Cullotta testified before the President's Commission on Organized Crime and the Florida Governor's Commission on Organized Crime, and appeared at a sentencing hearing for Chicago mobster Joseph Lombardo. He later served as a technical advisor for the movie Casino (1995), in which he also played a small role as Curly, one of Remo Gaggi's hitmen.

Death[edit]

Spilotro and his brother Michael, 41, disappeared June 14, 1986 when they drove away together from Michael`s Oak Park home, saying they would return in several hours. Their car, a 1986 Lincoln, was recovered several days later in a motel parking lot near O'Hare Airport. On June 22, their bodies were found, one on top of the other and clad only in undershorts, buried under 5 feet of wet earth in a muddy grave within the 12,000-acre Willow Slough preserve, just 2 miles east of the Illinois-Indiana state line. The freshly turned earth had been noticed by a farmer who thought that the remains of a deer killed out of season had been buried there by a poacher, and notified authorities. Their decomposing remains were identified by their brother Pasquale, Jr. and dental x-ray records.[7] An autopsy determined that the brothers had been savagely beaten.

In January 1986, in the wake of the imprisonment of Joseph Aiuppa and John Cerone for skimming Las Vegas casino profits,[8] a meeting was held at the Czech Lodge in North Riverside, Illinois. Most of the upper echelon was there, including Outfit boss Tony "Joe Batters" Accardo. Accardo had decided to appoint Samuel Carlisi as the "Street Boss" in charge of Outfit operations to replace Aiuppa. Carlisi told the group that Accardo would stay on as consigliere and would have final say, as well as Gus Alex staying head of the connection guys. He then went on to the first problem: Spilotro, and how things had gone down since he took over Vegas. Mobster and mob enforcer Rocco Infelice said, "Hit him." Everyone else at the meeting agreed.

It was, at the time, suspected that Spilotro and his brother Michael were called by Carlisi to a meeting at a hunting lodge owned by Aiuppa, Spilotro's former mob boss. Original reports stated the Spilotros were buried alive after the beating, in an Enos, Indiana cornfield.[5] However, in 2007, mob assassin Nicholas Calabrese testified at the "Operation Family Secrets" that the brothers were killed in a Bensenville, Illinois basement where the Spilotros believed Michael would be inducted into The Outfit. According to court testimony, when Tony entered the basement and realized what was about to occur, he asked if he could "say a prayer". It is possible, as the target of the "hit" was Anthony, that Michael was only killed because he was with him, or that the Outfit had decided from the outset that both brothers had to go to prevent any possible future revenge killings.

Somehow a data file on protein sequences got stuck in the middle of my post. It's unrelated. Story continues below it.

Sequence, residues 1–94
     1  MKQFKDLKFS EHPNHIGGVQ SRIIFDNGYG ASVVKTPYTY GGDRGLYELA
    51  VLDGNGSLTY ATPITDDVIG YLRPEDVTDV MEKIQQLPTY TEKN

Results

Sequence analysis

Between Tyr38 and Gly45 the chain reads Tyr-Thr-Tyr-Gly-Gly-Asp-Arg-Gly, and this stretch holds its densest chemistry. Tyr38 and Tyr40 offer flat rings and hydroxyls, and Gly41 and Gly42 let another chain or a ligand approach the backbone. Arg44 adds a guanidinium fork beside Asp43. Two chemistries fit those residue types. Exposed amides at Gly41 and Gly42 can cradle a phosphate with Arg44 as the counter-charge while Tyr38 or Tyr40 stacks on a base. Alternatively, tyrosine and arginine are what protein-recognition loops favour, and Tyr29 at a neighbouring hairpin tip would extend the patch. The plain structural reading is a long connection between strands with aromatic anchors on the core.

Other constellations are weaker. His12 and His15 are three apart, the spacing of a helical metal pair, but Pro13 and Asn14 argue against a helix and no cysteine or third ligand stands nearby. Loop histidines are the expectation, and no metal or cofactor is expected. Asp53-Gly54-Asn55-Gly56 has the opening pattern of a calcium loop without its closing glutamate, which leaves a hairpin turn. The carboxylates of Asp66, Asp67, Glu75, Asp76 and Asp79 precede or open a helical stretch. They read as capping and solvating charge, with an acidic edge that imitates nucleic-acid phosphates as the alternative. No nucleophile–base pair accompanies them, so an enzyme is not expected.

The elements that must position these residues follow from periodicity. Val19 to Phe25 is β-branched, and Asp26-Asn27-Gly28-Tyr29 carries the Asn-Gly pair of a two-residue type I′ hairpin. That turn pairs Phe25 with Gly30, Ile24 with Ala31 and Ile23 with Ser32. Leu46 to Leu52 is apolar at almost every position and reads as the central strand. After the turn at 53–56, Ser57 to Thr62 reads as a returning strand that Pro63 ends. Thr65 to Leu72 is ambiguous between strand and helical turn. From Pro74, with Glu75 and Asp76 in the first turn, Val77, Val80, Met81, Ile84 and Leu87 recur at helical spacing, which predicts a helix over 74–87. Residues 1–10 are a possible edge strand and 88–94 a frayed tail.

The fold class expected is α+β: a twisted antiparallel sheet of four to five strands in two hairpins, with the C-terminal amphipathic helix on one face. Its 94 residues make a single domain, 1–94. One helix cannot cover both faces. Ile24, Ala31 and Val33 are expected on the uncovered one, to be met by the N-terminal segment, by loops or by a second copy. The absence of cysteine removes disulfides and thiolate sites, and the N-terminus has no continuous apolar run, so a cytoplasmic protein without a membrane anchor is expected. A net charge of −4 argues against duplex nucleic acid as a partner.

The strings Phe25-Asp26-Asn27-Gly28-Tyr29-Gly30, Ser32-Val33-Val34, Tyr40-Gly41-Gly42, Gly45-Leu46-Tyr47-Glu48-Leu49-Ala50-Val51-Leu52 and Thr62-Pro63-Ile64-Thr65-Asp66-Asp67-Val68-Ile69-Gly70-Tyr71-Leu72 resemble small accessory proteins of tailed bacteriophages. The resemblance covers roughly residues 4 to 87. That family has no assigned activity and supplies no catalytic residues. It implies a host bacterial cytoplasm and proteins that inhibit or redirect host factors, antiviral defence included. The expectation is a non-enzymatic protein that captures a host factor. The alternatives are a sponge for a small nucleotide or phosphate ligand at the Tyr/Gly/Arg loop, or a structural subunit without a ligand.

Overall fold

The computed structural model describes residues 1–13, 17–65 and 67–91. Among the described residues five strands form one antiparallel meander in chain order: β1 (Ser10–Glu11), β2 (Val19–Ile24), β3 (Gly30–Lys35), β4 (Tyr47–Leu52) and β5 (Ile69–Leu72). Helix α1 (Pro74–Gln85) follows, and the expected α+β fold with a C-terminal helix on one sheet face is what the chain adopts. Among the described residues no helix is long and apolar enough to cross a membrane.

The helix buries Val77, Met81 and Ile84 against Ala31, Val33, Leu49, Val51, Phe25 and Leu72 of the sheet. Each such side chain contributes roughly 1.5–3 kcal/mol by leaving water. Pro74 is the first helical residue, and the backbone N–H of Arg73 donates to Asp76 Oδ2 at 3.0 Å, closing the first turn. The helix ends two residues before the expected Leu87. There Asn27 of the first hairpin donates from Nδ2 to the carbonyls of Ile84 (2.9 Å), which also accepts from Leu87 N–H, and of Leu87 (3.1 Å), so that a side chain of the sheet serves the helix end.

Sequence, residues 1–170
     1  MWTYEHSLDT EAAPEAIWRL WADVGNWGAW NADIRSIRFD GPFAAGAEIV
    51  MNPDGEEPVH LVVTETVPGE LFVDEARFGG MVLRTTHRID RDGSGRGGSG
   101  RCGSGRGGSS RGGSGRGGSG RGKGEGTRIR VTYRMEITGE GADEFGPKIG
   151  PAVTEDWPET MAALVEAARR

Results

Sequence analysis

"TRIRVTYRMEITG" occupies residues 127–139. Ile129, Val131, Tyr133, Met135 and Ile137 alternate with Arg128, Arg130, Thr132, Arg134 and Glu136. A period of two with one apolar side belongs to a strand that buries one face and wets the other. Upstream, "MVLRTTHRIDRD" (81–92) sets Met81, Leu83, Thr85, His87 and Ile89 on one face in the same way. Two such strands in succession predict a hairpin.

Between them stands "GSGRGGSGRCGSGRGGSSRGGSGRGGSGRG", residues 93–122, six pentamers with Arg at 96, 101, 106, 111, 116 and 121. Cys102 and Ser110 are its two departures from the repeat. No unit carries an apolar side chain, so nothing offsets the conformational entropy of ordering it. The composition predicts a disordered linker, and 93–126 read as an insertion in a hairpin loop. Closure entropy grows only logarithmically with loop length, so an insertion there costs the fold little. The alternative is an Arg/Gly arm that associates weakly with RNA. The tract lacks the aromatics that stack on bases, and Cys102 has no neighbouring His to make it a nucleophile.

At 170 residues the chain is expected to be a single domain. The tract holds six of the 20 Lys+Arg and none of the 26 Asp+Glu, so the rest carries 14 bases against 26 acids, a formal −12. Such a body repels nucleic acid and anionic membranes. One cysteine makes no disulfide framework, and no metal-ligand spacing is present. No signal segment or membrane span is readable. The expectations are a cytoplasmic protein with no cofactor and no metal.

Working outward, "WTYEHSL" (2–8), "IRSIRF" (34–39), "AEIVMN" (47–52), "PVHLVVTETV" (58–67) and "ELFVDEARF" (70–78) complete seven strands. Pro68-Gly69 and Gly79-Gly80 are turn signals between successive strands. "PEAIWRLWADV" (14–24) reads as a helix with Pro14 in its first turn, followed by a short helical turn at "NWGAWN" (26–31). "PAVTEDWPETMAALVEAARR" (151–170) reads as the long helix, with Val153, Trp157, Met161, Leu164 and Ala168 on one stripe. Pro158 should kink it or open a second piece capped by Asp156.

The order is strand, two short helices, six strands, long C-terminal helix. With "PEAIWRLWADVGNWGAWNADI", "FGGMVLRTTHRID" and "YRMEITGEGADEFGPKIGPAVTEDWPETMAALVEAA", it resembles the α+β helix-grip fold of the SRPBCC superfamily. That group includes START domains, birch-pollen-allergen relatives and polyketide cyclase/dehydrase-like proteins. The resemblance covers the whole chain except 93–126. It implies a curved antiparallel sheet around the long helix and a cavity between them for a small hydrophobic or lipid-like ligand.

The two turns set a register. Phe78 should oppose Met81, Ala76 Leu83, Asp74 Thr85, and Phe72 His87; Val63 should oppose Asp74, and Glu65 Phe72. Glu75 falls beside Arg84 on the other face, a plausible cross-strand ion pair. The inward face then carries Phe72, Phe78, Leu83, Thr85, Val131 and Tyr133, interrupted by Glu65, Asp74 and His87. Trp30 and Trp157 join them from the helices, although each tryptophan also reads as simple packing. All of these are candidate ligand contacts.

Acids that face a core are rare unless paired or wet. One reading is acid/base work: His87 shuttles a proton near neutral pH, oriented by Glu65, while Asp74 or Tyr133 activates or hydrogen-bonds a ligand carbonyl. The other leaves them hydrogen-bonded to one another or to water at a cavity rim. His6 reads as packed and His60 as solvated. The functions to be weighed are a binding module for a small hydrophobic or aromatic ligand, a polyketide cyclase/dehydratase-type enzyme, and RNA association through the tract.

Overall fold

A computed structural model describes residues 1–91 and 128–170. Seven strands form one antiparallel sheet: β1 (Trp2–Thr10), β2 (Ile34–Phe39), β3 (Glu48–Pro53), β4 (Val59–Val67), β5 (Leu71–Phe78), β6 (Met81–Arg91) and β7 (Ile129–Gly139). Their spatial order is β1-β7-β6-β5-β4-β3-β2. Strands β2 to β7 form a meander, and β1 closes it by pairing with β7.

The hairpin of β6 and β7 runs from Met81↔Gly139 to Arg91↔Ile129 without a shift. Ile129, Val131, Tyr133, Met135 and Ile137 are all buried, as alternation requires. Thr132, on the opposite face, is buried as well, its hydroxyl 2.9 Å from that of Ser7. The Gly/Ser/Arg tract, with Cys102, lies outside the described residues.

No arrests were made until April 25, 2005, when 14 members of the Chicago Outfit (including reputed boss James Marcello) were indicted for 18 murders, including the Spilotros'. The suspected murderers included capo Albert Tocco from Chicago Heights, Illinois, who was sentenced to 200 years after his wife Betty testified against him in 1989. She claimed that the day after the Spilotro murders, she was called to pick up Tocco 1 mi (1.6 km) from where their bodies would later be found. She said that Tocco was dressed in dirty blue work clothes. Betty Tocco further implicated Nicholas "Nicky" Guzzino, Dominic "Tootsie" Palermo, and Albert "Chic" Roviaro in the murders. Tocco died at the age of 77 in an Indiana prison on September 21, 2005.